Einstein once said: “Imagination is more important than knowledge.” Wise words considering imagination opens the gateway to possibilities, ambition and from a very early age, helps children understand the world around them.
It’s why young children will mimic mum and dad on the phone via a block of duplo lego or jump in a cardboard box on an epic voyage to the moon!
4-Year-Old Jonathan: “Look at me Miss Shelli! I’m driving to the beach!”
Imagination leads to creativity, which is integral not only for activities like artistic and musical expression, but also for science, maths and social/emotional intelligence. Creativity, however, is not an innate talent – rather, it's a skill we can help develop, which is why imaginative play should not be undervalued especially in a child’s early years.
In the early years of a child’s life, imagination opens the doors to so many avenues of learning. Building on a child’s understanding of the world around them leads to their success in learning and a love for learning in their later years.
Children’s minds are capable of many exploratory concepts when they are immersed in imaginative play.
From imaginative play, educators can develop learning frameworks that the children will actually be interested in. When a child shows interest in a topic they are much more likely to learn and retain information. For example, a group of children playing imaginary doctors and nurses, can lead into an intentional teaching experience about our bodies, fitness, healthy eating, mindfulness and so on.
Often you will see educators observing children in their imaginative play experiences to find and prepare intentional and planned learning experiences.
The power of a child’s imagination is incredible! Children are able to pick up a stick and turn it into a magic wand that transports them to a secret hidden island, where they go on a treasure hunt.
Play spaces can be carefully planned and considered to offer the child the best opportunity for imaginative play. Blocks placed in a certain way, books opened to a certain page, images displayed in a particular order. These are some of the ways we can foster imagination in the early years.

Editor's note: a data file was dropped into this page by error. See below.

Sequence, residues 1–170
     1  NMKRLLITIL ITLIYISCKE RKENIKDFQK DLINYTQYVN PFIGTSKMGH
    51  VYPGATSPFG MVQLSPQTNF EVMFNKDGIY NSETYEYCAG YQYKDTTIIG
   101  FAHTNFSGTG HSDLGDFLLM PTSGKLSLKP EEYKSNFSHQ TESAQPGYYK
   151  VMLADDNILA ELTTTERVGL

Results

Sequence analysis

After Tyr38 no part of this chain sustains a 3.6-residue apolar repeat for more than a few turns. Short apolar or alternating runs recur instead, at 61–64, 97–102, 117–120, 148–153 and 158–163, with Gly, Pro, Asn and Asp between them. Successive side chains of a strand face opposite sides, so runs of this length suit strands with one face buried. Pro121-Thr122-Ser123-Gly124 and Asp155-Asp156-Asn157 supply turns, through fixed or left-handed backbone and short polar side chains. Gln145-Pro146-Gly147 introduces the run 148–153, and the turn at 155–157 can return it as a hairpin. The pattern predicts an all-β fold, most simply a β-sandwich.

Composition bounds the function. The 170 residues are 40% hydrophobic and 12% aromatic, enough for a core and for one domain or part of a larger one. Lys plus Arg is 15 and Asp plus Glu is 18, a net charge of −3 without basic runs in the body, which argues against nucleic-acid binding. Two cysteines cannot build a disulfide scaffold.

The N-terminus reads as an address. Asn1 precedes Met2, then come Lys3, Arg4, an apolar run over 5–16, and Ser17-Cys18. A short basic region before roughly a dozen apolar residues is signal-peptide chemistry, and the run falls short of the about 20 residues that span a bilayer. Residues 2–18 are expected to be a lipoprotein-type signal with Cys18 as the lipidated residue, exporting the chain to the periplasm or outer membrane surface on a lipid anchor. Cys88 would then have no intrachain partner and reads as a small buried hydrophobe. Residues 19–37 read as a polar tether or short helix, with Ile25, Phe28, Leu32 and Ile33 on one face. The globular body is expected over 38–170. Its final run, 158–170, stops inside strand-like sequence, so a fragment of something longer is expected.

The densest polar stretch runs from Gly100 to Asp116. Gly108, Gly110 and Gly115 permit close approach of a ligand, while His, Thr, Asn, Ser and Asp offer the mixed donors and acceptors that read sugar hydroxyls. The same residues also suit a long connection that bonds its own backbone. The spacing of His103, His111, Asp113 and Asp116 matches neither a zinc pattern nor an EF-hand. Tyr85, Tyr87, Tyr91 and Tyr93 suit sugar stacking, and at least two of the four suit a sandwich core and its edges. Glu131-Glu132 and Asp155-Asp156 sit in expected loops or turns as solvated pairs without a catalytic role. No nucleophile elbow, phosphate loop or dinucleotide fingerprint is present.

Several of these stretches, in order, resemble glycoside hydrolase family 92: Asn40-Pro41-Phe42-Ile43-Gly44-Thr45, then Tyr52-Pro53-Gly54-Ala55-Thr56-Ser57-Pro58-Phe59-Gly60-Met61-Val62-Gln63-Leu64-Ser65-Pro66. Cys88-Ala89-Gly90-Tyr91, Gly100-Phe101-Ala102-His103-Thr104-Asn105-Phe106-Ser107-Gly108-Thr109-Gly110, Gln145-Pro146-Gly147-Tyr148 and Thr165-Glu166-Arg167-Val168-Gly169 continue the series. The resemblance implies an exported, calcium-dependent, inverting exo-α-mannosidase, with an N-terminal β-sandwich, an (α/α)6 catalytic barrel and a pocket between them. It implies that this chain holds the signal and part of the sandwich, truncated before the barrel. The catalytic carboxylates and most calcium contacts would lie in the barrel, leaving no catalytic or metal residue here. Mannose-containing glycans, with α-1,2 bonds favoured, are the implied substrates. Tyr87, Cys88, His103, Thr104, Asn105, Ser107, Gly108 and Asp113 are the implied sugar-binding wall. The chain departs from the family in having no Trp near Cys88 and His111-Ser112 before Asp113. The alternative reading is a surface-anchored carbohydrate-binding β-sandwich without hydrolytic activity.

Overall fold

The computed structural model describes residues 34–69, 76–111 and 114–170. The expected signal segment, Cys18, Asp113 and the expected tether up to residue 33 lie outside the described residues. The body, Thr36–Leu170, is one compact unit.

You might observe in child care centres areas like the home area, building blocks, sand and water play, science and nature, jungle gyms, tunnels and much more. These spaces are carefully planned to offer children an extraordinary play space and encourage them to play and imagine they are pirates out at sea or at home taking care of the family pet.
A very popular childhood play experience which fosters their imagination is painting & drawing! When children paint or draw this is their way of interpreting their surroundings and creating meaning in their mind for what they are seeing.
Another imaginative play space is the sand and water play areas – it is where children are not only engaging in imaginative play but also sensory play. By placing other learning equipment in these spaces like buckets, spades, blocks and more, we are encouraging children to explore further these spaces and resources.
“Imagination is the beginning of creation.” – George Bernard Shaw
The Early Years Learning Framework, a nationally followed curriculum, encourages educators to provide children with environments and time to embrace imaginative play. During an imaginative play session, a child is using complex cognitive skills and developing their intellectual processes. The developmental benefits for children when they participate in imaginative play include brain development skills, learning dispositions such as negotiation and curiosity, thinking and literacy skills.
We can foster children’s imaginations by providing them with opportunities and spaces to use their imaginative skills and become what they want. Allow them to discover new concepts, spark their curiosity and develop a sense of wonder and inquisitiveness. Imaginative play lends itself to many avenues for their learning and development.
‘Kids Club Cromer Wharf’ to inspire local nautical minds.